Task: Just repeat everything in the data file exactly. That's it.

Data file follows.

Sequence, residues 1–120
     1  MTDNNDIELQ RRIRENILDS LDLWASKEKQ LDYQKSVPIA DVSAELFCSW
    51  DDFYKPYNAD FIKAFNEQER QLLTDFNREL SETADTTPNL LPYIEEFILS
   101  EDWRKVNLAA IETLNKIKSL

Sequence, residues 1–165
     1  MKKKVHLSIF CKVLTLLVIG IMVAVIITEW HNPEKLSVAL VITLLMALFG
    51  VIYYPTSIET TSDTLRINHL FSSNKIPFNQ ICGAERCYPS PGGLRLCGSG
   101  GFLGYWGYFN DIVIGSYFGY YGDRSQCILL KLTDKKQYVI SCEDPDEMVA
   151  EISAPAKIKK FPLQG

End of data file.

Sequence, residues 1–120
     1  MTDNNDIELQ RRIRENILDS LDLWASKEKQ LDYQKSVPIA DVSAELFCSW
    51  DDFYKPYNAD FIKAFNEQER QLLTDFNREL SETADTTPNL LPYIEEFILS
   101  EDWRKVNLAA IETLNKIKSL

Sequence, residues 1–165
     1  MKKKVHLSIF CKVLTLLVIG IMVAVIITEW HNPEKLSVAL VITLLMALFG
    51  VIYYPTSIET TSDTLRINHL FSSNKIPFNQ ICGAERCYPS PGGLRLCGSG
   101  GFLGYWGYFN DIVIGSYFGY YGDRSQCILL KLTDKKQYVI SCEDPDEMVA
   151  EISAPAKIKK FPLQG